How Kylie Minogue became a Disco dancing queen for dire times
“Even grown-ups need to have fun. Grown-ups can dance like they’re still 17,” says the Australian icon. She speaks to EW about her forthcoming record.
In its early stages, Kylie Minogue publicly described her 15th album as disco for grown-ups. “I didn’t even really know what I meant,” the Australian icon clarifies with a laugh. But when the pandemic forced the 52-year-old artist to finish 90 percent of the project in her makeshift home studio, she gained a much firmer grasp on its themes of escapism. “Even grown-ups need to have fun. Grown-ups can dance like they’re still 17,” she says. "I’m realistic but hopeful. I don’t think it’s an album of throwaway subject matter; even if it feels like [singing] about the dance floor, it still has its place.”
Amid global strife, Minogue is well aware that the album’s euphoric soundscape lands at a “slightly odd” time when dancing together at a club remains a far-off dream, but she hopes listeners will work out the ethos of the moment through the art of the groove. And she’s made it easy on Disco (out Nov. 6), tracing the genre’s evolution from the ’70s through the 2000s, with ethereal piano keys melting into brass ("Magic"), talk box effects ("Miss a Thing"), slithering ’80s strings ("Real Groove"), and even self-referencing sounds that nod to her own hand in shaping disco's modern revival on albums like Light Years and Fever.
Disco isn't just a roadmap for the genre's progression, it also marks a turning point for Minogue as a master of her own music. After the spread of COVID-19 put a brief halt on recording, Minogue took control and set up a personal booth in her London home's posh lounge room, admittedly referring to herself as a "guinea pig" for production: "It was lots of off the clothes rack, moving the clothes rack, moving the duvet.... it was pretty DIY, use-what-you-can," she recalls with a laugh, admitting that some of the songwriters, producers, and technical personnel who contributed to Disco are peers she only knows "from the waist up" in two-dimensional, virtual form. "We realized this isn’t going to be perfect, but we’re passionate about this and will do our best to make it work."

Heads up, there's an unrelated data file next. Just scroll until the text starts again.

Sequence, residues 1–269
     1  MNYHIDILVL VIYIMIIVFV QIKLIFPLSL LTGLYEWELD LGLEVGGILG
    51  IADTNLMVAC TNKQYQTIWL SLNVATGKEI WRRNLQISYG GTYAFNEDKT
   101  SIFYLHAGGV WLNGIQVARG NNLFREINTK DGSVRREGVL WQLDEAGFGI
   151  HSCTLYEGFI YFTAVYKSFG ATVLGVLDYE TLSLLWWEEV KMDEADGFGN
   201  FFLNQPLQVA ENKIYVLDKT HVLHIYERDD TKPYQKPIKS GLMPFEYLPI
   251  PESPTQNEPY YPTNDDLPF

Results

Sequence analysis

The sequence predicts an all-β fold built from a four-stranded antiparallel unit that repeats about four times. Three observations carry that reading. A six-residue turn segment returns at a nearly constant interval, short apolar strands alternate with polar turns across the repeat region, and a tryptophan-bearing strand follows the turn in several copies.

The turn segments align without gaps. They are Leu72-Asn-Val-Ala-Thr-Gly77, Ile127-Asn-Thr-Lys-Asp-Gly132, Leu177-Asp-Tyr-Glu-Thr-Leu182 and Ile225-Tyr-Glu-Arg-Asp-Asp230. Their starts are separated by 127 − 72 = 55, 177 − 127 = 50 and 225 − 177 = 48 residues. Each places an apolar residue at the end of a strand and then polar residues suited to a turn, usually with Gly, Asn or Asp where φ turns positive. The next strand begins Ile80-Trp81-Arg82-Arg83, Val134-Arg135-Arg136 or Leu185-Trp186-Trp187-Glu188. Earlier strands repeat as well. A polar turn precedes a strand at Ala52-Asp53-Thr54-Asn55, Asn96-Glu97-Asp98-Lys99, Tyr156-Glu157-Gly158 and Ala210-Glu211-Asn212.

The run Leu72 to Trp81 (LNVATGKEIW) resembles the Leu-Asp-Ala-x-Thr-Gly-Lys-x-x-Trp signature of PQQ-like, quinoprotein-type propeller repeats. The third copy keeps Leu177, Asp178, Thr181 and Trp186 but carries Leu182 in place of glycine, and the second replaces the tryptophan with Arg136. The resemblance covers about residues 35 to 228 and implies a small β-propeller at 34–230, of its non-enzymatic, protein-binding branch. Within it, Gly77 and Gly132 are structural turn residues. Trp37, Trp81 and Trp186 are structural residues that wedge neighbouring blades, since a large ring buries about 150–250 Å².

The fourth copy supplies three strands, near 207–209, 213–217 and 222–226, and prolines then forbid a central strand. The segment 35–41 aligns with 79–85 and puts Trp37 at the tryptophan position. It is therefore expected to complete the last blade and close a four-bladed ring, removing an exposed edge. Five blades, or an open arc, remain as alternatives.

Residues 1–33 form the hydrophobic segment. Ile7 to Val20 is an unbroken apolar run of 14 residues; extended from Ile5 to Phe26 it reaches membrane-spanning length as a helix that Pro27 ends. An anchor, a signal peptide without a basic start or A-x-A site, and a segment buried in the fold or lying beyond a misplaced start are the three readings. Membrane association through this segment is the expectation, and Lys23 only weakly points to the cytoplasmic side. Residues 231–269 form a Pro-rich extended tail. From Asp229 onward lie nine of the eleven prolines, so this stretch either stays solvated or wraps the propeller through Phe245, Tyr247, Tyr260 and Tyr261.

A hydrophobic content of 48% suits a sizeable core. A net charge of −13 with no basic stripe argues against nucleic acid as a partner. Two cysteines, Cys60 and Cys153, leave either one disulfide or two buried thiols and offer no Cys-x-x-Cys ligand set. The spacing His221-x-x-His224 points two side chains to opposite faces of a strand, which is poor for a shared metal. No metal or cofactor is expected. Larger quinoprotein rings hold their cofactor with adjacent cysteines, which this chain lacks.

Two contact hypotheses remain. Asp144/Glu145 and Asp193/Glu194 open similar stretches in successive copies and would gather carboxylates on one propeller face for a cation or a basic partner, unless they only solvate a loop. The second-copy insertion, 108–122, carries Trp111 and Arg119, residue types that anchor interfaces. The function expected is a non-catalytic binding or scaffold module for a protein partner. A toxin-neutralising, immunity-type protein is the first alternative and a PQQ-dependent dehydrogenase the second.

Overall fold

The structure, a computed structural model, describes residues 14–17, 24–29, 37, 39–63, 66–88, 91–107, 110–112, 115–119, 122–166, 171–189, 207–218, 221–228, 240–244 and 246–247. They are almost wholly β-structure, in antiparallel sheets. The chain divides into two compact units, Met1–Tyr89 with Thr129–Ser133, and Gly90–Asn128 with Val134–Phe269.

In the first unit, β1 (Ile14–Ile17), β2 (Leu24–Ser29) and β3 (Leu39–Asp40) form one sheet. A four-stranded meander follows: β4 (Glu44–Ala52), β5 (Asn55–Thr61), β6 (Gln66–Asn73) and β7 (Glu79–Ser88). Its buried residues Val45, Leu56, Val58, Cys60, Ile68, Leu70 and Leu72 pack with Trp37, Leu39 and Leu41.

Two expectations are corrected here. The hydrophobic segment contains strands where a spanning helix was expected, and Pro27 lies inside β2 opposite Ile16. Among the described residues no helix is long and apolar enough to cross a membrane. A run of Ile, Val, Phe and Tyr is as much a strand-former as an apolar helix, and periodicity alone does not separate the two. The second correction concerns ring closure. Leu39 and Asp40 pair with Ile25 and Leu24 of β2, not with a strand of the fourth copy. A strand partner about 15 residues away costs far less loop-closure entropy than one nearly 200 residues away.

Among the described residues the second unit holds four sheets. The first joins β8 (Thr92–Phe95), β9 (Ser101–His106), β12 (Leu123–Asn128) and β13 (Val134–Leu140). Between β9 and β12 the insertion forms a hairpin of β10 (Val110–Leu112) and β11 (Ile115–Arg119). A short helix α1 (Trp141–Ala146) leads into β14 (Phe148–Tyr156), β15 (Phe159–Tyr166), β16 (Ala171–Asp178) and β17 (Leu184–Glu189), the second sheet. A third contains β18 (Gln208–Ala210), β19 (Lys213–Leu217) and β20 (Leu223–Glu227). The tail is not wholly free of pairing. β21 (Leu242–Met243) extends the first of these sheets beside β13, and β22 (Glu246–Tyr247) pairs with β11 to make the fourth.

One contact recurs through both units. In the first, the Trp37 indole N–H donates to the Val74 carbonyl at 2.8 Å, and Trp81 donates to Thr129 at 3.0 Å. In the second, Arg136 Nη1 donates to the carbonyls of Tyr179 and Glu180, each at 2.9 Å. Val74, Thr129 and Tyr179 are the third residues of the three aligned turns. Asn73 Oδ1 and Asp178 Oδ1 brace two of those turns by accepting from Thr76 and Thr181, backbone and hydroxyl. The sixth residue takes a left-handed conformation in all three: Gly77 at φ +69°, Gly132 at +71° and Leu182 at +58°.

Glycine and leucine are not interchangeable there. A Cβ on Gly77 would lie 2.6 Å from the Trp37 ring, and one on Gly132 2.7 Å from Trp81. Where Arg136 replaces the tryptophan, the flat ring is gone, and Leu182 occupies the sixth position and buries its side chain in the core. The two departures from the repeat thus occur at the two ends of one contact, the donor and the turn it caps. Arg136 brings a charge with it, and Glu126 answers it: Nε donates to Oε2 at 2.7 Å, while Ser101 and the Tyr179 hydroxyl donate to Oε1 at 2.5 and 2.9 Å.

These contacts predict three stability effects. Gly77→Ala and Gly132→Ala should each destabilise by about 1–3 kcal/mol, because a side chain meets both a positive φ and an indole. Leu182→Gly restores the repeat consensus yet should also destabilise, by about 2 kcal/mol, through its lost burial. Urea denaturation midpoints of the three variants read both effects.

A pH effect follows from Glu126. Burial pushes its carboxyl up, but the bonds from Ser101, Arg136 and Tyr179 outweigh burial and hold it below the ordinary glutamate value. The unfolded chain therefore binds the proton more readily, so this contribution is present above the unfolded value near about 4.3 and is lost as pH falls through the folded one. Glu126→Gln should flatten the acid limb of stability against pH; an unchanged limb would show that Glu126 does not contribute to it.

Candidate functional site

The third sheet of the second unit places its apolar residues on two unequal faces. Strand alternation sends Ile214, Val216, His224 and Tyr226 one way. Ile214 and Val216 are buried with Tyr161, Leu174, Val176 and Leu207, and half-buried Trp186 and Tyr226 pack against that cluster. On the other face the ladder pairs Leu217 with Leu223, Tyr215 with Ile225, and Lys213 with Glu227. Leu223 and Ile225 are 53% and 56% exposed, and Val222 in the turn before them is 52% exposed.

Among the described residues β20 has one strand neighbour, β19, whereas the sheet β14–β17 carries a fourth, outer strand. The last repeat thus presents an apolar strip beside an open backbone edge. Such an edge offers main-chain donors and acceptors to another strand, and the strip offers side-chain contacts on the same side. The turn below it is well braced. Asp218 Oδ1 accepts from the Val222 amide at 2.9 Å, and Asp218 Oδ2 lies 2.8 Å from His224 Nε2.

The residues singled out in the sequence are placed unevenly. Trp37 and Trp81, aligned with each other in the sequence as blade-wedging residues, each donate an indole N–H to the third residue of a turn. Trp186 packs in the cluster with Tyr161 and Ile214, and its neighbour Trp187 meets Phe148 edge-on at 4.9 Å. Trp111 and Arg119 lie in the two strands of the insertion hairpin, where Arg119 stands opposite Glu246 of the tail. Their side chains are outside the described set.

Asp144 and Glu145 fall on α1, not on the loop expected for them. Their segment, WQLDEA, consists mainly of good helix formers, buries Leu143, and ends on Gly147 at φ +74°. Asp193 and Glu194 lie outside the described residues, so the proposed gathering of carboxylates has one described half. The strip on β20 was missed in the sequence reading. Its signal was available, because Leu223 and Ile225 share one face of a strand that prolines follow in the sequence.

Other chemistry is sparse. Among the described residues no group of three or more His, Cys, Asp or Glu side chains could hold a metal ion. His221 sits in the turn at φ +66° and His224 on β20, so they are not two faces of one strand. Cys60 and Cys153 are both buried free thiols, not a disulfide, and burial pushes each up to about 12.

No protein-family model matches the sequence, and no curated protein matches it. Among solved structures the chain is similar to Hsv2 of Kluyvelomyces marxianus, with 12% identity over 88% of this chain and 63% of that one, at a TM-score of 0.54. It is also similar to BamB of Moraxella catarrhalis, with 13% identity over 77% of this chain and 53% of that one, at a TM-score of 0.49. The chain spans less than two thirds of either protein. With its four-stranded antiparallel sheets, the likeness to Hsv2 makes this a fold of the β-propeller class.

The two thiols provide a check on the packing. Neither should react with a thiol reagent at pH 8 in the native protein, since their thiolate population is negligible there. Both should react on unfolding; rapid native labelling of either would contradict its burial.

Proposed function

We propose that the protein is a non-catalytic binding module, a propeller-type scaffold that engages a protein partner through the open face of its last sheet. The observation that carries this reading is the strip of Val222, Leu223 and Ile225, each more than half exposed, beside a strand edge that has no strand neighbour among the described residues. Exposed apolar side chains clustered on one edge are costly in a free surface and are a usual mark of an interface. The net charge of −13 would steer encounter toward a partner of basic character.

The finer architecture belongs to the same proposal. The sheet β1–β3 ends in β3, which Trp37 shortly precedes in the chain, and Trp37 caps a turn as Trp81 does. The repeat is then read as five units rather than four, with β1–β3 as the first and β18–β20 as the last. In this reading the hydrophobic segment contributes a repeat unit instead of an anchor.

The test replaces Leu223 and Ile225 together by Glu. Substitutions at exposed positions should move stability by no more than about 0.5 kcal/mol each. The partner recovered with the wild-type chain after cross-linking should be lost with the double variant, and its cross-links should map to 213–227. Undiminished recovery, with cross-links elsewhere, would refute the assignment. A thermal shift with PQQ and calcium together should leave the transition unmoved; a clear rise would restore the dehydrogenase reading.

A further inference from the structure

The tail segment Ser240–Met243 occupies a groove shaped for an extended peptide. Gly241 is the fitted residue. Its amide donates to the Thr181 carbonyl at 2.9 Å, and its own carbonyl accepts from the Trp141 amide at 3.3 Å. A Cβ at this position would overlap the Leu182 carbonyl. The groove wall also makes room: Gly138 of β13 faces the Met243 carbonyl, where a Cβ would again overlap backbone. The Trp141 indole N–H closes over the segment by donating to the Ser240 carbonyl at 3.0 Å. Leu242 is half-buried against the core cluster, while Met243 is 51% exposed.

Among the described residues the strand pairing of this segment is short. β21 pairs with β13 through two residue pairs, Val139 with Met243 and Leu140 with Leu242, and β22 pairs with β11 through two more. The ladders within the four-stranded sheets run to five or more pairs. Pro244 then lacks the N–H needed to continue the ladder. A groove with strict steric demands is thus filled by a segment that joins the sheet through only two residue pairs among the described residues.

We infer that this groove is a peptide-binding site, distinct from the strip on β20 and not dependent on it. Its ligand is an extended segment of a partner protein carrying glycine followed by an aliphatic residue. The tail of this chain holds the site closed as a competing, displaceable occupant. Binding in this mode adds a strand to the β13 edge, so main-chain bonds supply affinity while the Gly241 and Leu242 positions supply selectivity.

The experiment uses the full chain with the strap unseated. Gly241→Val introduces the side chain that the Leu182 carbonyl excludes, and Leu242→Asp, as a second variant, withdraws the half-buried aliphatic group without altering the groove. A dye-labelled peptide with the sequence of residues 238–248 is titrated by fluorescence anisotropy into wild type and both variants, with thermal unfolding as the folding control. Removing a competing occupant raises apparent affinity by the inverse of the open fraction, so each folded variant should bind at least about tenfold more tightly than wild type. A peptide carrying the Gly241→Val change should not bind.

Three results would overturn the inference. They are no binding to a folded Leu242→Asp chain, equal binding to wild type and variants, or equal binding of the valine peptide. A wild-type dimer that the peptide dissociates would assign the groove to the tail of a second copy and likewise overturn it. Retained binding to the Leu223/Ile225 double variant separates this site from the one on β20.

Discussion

Those raw, borderline improvised moments opened the floodgates for Minogue to explore a new side of herself as a lyricist, making Disco a progressive dive into new narrative territory unlike anything she's done before.
"There’s a song called 'Celebrate You,' it’s about a person, Mary. [It came about on] one of the last days before lockdown. We knew we weren’t going to see each other in the studio for a while," she explains, suggesting that the unorthodox circumstances prompted a bold risk: Telling a story in the third-person. "This is quite new for me in that, when you hear the song, you might ask the same question like, 'Who’s Mary?' We don’t actually know, but she’s all of us. She’s anyone who’s feeling a bit down and needs to know that we’re loved or that you’re more than enough. I can’t think of a song of mine in the past that is that direct, even though that person is any number of people."
But Disco is more to Minogue than a gateway to shimmying catharsis for stir-crazy fans. Recounting days spent losing herself to the bliss of her father’s Donna Summer records, she feels the project represents her power in providing musical remedies of her own with a beat that's long lived in her soul, ready to come out at the right moment in ways that are healing to listeners.
“We didn’t want the lyrics to be [too] heavy-handed, but we couldn’t help but be aware of the relevance they had,” she explains of songs like the optimistic subtle banger "Say Something," adding that her investment in delivering eclectic forms of relief is what kept her committed to the foreign genesis of the album. “When I was younger, I was successful before I had the experience. I was on the back foot for a long time. Now, I love utilizing the tools I have. I know which fuel to put in the engine. There’s drive to be successful and do good things, but to reach people and connect them, it means something. I wanted more of that.”